Category Archives: Liverpool

Liverpool Need To Beat Chelsea Tonight To Kickstart New Era

Their achievement in the Premier League last year was enough to show that Brendan Rodgers’ side has potential to grow, but a win in the Capital One Cup would give his team a platform on which to build.

Rodgers has a lot to be credited with in his time at the Anfield club, not least the development of the likes of Raheem Sterling and Jordan Henderson. Daniel Sturridge and Jon Flanagan were also key players last season as the Reds pushed for the Premier League title, missing out only in the last three games of the season.

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How Liverpool Boss Rodgers Has Let Down £16m Mario Balotelli

Liverpool manager Brendan Rodgers has today clarified to the press that his recent comments about Mario Balotelli were not to be taken as a sign that the player is set to leave the Anfield club during the January transfer window.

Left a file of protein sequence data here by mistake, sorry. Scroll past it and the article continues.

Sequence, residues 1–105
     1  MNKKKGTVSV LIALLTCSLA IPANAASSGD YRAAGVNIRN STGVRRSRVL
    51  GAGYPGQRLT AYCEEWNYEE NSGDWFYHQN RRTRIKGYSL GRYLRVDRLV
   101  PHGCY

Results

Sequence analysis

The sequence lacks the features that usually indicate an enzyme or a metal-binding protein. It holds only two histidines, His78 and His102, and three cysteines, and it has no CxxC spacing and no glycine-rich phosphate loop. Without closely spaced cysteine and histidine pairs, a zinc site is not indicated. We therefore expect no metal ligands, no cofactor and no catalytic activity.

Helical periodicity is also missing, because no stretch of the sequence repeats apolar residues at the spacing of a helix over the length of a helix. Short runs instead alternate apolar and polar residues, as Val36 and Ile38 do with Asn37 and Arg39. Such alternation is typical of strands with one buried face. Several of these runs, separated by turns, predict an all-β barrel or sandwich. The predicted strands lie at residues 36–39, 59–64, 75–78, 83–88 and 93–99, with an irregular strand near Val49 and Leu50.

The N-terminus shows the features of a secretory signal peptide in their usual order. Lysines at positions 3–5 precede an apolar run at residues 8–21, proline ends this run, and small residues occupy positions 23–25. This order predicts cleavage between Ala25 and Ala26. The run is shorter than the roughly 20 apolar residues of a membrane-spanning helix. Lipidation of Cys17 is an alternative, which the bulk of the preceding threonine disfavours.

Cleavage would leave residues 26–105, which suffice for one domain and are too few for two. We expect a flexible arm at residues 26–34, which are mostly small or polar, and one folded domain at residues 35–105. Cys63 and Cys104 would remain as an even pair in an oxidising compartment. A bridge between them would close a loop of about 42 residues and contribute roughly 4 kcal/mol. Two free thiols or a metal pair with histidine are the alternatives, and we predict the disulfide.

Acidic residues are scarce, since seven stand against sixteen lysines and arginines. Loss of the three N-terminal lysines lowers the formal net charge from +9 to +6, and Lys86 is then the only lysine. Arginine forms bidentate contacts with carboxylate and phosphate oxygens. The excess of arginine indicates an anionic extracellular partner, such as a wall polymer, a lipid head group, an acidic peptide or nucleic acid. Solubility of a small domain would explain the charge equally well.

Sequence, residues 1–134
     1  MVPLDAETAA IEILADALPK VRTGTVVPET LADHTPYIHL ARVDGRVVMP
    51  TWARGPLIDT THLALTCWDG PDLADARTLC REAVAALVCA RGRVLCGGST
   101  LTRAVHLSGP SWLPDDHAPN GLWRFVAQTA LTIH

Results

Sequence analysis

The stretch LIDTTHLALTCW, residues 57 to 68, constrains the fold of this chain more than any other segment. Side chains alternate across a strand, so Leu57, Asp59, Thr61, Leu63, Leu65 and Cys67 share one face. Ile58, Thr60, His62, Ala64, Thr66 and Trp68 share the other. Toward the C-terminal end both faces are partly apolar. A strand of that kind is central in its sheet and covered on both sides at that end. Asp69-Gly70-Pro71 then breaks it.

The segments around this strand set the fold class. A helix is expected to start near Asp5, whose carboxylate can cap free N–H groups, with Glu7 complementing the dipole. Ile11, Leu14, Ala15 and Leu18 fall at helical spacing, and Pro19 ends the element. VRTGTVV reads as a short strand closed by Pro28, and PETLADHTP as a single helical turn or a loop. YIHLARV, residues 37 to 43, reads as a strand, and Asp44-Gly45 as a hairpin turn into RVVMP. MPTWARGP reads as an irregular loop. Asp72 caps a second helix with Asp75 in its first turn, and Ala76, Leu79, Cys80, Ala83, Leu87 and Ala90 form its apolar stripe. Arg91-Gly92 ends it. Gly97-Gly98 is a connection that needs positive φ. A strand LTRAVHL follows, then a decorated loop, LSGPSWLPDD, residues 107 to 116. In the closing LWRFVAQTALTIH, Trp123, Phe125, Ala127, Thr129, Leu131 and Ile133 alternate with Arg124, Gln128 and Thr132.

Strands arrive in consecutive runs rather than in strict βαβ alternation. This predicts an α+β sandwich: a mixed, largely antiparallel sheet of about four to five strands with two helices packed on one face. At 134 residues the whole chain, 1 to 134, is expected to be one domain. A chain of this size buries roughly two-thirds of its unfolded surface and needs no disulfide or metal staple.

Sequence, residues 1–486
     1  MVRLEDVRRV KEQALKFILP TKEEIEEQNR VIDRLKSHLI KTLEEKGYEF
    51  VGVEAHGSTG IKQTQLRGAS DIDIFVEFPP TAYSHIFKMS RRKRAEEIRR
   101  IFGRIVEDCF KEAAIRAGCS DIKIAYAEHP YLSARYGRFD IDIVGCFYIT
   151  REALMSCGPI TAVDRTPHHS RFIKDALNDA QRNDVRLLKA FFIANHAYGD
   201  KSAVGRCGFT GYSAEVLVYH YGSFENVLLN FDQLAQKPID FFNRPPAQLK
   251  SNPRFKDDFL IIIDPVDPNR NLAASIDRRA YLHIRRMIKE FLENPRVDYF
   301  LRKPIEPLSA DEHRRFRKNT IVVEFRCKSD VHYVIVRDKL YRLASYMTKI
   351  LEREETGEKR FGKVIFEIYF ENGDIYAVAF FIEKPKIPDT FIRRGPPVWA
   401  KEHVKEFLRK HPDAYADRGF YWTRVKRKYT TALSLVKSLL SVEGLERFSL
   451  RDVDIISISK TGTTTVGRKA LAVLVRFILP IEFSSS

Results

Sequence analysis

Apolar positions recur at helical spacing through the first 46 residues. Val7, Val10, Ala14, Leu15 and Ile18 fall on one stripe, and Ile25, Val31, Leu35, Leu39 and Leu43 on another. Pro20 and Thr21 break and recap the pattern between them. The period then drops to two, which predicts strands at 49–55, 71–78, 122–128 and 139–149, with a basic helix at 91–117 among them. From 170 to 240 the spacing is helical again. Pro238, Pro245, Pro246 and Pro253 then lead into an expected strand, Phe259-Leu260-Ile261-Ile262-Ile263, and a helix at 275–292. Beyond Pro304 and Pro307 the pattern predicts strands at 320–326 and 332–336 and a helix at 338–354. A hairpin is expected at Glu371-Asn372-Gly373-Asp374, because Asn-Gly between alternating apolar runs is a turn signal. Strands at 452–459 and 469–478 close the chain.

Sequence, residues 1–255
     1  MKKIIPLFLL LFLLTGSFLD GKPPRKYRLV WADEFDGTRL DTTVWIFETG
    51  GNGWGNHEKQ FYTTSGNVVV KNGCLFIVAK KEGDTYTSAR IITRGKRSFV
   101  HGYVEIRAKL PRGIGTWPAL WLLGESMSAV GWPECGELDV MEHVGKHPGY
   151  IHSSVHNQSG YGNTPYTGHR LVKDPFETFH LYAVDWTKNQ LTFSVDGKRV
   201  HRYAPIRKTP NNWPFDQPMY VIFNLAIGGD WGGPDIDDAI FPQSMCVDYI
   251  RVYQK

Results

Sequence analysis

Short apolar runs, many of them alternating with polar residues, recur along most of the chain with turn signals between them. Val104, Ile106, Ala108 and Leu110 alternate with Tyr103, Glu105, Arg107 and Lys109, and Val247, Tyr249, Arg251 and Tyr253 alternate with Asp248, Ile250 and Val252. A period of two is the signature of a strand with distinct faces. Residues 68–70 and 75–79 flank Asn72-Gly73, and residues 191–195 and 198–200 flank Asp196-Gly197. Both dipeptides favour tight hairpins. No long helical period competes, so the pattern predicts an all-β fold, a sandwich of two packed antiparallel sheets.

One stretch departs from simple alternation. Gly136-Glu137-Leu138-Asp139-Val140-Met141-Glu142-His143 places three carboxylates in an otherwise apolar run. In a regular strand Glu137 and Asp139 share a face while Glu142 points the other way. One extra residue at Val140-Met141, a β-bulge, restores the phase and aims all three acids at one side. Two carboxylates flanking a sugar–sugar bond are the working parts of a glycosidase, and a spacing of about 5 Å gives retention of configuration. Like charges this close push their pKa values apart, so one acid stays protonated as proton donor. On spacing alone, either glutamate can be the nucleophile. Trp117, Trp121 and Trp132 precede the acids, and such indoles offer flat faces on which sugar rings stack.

He had to clarify that that was “not the case at all”.

“It’s been a difficult period for him but he’s a good boy.”

How has their relationship deteriorated to the point that any comment on the part of Rodgers about Balotelli is so heavily interpreted by the media?

In part, it is because of the genuine lack of opportunities provided to the Italian international since his move towards the end of the summer transfer window.

The striker has not started a league match since the 8th of November, nearly three months ago, despite a significant striking crisis that has seen Raheem Sterling fill in as an auxiliary forward.

While this could have just been an attempt to take a poorly performing forward out of the firing line, it would not provide Balotelli with much confidence about his place in the side.